GIN & ICE HOUSE - BISHOP TX
pst mrk JULY 1910 |
and Karla Beauchamp of Tuleta, Texas
both descend from ancestors who planted cotton. Willís
father also taught Texas history in nearby Pettus, Texas. The apple doesnít fall
from the tree and Will discovered early on that he had inherited the history gene.
Mr. Beauchampís own words: ďI started out collecting antique bottles in my youth
in the Tuleta / Beeville
area of South Texas. My father teaching
history just fueled my desire to collect historical items, especially from South
Texas. I then started collecting cotton gin postcards. Almost every town
in Texas had at least one cotton gin and many had several. Before and after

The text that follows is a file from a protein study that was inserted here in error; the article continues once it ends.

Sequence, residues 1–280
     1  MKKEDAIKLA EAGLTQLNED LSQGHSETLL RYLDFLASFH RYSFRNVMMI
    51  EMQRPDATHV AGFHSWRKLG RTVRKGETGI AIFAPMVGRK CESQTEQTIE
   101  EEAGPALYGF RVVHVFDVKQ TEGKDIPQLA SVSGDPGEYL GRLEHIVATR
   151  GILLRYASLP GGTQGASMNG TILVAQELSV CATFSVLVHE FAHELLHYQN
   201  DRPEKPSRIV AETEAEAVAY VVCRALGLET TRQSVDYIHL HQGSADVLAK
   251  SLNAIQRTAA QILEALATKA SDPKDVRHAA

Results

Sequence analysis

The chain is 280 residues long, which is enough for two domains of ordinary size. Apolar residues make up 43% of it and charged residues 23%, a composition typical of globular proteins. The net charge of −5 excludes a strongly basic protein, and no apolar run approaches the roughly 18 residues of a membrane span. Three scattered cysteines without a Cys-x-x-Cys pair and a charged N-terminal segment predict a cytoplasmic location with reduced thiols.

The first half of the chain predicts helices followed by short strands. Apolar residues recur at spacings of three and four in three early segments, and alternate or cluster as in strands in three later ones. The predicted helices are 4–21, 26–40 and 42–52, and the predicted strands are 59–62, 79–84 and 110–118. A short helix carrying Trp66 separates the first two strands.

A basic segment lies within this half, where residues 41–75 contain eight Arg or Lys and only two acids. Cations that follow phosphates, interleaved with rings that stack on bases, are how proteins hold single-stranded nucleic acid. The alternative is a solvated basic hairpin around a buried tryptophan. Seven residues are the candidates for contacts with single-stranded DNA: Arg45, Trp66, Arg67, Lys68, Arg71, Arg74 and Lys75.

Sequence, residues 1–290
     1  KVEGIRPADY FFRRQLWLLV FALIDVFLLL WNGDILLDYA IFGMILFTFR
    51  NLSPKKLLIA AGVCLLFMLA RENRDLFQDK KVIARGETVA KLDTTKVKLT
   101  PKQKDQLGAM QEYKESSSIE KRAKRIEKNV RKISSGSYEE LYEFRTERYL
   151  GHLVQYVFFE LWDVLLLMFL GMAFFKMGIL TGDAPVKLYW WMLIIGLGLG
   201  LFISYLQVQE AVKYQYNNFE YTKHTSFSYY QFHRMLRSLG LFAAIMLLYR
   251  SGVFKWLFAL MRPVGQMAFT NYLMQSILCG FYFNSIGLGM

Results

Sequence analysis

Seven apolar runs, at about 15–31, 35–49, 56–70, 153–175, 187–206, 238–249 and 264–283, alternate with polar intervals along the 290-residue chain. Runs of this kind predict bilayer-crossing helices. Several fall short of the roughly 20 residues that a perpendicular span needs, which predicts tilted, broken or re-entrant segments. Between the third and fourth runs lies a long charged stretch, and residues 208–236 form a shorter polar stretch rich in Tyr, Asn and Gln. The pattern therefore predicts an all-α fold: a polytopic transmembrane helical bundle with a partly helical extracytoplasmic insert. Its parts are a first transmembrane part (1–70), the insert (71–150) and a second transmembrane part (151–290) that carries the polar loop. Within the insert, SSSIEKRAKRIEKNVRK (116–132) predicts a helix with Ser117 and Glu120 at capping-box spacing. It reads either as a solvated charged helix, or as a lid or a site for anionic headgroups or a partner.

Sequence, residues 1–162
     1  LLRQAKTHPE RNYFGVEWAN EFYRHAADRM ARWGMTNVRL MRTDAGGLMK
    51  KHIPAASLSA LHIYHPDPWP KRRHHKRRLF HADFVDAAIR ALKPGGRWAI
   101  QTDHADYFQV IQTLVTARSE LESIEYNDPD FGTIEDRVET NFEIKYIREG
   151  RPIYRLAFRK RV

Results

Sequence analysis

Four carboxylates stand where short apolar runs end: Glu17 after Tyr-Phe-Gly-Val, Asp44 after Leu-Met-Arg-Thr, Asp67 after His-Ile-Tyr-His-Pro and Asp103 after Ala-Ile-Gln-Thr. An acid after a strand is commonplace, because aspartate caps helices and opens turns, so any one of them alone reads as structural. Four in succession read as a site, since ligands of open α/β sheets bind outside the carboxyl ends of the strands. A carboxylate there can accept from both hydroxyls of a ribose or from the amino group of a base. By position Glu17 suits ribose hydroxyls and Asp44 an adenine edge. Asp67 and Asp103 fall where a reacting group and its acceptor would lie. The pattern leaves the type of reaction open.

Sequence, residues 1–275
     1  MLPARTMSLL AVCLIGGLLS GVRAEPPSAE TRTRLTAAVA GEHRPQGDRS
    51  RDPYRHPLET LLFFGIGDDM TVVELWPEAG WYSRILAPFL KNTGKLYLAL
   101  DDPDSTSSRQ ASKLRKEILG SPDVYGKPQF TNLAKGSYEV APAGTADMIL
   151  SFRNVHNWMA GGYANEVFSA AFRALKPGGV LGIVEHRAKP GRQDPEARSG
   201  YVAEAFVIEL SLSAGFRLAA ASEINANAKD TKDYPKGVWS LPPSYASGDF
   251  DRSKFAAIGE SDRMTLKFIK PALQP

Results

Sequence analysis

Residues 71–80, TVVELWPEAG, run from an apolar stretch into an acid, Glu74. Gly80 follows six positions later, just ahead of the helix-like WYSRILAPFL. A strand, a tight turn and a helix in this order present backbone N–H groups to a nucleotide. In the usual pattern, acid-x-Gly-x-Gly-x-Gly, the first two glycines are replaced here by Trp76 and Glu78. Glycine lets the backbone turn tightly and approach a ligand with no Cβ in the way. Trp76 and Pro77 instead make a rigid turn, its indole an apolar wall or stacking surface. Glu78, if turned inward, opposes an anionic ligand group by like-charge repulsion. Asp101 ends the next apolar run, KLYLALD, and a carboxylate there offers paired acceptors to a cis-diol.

the Civil War many Southerners migrated to Texas.
The families were so big that most farms were self-sufficient. Many cotton farmers
who knew nothing else found that cotton didn't grow very
well in some regions.
About five years ago I caught the bridge craze. The story of the old Texas
bridges is similar to the fate of the gins. Almost all of them are gone now
and it's a history that some of us want to save. I thought that by sharing my
collection with Texas Escapesí readers, it would
reach a much larger audience than it would stuck away and only seen by a few.Ē
been told there were 3 cotton gins in Collinsville at one time. My anscestors
came from GA about the 1850s-1860s and grew cotton here. Was told my grandfather
as a boy won the county fair cotton picking contest. He left home when of age
as cotton farming wasn't for him and he was the only boy with 7 sisters!"
MILL & GIN CO. - NOCONA,
TX post mark 1923 but card is a style used about 1910 |
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